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The first big update to Opera Mini since it launched a few months ago is here, bringing it up to version 7.5. Opera Mini 7.5 is available right now on Android, from the Google play store. What does Opera Mini 7.5 offer this time around?
Smart Page. Smart Page will give users an overview of what is happening on the Internet, including separate tabs for social, news and suggested links. Opera Mini sports the ability to compress your web viewing so that you experience the Internet faster, kind of like if it were processing the page locally.
Opera has been using this method for quite some time, and have become quite good at it. Other features include Link - which syncs up history, bookmarks and notes from your browsing on the desktop. This would obviously only apply if you're using Opera on your desktop, too.
Right now, Dropbox and Google+ apps sport the ability to automatically upload your photos to their respective cloud-based storage spaces after you've snapped your latest picture, with Facebook looking like they're playing around with the same feature.
Facebook are soon to rollout the feature to a few select users that will let them take pictures, and get uploaded automatically to a private photo album on their account. The social networking site has said that the feature will roll out to a very select few, which is how Facebook operates when testing out new features.
I'm a huge Facebook user, and I like the idea of this happening - but it does chew through your mobile data if you're not connected to WiFi. I'd love to see some features built-in where you can choose options of times when it can upload the photos. I'd love to be able to select a time like "upload between 1AM-6AM", when I'm sleeping. This way, my phone is next to me when I'm in bed, secondly it's connected to my home WiFi and not using my mobile data, thirdly it doesn't impact the speed of my Internet use on the device if its thrashing itself uploading pictures to Facebook.
Google have pushed out an update for their Google Maps for Android app, which now includes some cool new abilities. The update brings across more of a persistant set of search results, as the app has access to your desktop and mobile search history.
Google Maps for Android has access to your desktop and mobile search history through My Places, meaning that if you run any searches when signed into your Google account with web history enabled, it will now pop-up with auto-completed entries that has been searched for previously.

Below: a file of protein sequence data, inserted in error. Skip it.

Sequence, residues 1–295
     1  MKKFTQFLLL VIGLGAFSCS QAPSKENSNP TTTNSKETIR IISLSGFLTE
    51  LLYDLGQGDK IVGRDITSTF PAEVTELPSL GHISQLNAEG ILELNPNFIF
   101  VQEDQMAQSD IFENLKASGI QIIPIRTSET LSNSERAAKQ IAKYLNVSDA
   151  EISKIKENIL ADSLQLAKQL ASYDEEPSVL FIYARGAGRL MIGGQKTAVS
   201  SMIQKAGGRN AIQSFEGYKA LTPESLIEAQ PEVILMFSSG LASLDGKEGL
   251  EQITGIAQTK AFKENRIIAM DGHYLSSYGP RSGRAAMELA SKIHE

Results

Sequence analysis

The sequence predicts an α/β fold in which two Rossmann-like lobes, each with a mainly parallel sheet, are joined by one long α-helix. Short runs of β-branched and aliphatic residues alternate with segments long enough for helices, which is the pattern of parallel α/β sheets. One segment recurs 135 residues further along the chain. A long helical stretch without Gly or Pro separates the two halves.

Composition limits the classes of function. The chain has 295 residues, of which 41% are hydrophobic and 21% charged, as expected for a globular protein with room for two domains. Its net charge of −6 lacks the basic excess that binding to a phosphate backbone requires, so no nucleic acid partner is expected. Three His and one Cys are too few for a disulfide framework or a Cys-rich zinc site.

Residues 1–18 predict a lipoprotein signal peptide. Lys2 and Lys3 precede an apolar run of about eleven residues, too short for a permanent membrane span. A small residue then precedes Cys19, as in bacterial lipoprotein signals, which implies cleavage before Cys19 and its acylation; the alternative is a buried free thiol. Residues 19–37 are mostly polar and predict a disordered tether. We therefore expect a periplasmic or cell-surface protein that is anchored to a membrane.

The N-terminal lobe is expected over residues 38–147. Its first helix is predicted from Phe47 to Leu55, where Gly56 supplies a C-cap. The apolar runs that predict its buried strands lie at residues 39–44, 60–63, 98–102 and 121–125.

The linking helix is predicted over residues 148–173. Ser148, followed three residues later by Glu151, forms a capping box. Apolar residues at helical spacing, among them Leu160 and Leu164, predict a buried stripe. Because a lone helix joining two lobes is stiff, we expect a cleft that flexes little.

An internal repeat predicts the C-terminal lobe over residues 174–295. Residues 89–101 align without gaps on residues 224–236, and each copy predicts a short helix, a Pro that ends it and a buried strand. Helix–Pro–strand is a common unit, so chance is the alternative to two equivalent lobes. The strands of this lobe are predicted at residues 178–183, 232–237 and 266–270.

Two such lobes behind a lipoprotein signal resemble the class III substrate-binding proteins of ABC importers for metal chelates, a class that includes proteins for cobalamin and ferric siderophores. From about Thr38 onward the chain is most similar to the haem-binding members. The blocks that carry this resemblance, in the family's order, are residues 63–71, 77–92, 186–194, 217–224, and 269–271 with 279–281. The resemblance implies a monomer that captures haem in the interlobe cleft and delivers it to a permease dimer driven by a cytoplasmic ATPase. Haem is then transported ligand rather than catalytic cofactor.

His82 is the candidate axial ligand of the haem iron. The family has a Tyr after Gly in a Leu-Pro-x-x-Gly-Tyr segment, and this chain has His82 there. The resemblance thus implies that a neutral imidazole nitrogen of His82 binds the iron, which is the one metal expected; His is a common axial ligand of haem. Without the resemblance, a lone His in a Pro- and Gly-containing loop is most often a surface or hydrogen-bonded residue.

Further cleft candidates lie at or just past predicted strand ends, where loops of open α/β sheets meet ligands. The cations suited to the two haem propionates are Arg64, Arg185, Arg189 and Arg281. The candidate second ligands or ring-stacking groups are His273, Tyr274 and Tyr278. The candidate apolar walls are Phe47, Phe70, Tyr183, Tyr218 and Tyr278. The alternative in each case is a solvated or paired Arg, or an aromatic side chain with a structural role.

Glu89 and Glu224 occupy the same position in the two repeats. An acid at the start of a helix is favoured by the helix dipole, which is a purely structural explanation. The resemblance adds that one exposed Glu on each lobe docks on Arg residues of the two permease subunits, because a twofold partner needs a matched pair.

This is a nice feature if you're someone like myself who would run a Maps search through Chrome, when signed into the browser, and then go to your Android-based phone and run a search through Maps or Navigation. What's funnier, is that Google decide to release their updated, better-featured Maps app on the day of Apple's iPhone 5 release, where the company removed Google's Map app in favor of their own, not-so-good app.
It looks like iMessage is experiencing some issues at the moment, reports The Next Web. They're also seeing reports on Twitter with many, many angry customers posting messages every few minutes. The issues look like they're hitting all sorts of iOS users.
But, iMessages coming from Apple IDs and on Wi-Fi are experiencing less issues than those on cellular networks, but there are still hiccups. The past 24 hours have seen problems with iMessage, with complaints mounting up since 10:30 AM PST.
It shouldn't affect iPhone users too much, as they can fall back on text messages, but iPad and iPod users are left in the dark without iMessage. Right now there seems like there's nothing you can do, and there should hopefully be a fix soon from Apple.
We're mere weeks away from the launch of Windows Phone 8, but PayPal has arrived on the current form of Windows Phone, surprisingly. iOS and Android have both long enjoyed having the payment system application on their respective operating systems, and now it's Microsoft's turn.
The PayPal for Windows Phone app lets users check their balances, withdraw funds from their PayPal accounts, and look at previous transactions. There's also the ability to pay for items, as long as the store you're using has a PayPal Here service set up.
I'm really surprised we saw the release of PayPal on Windows Phone so close to Windows Phone 8, if it were up to me, I would've just waited and debuted it with the launch of Windows Phone 8. If you're a Windows Phone user, and want to get in on the PayPal action, you can grab it here.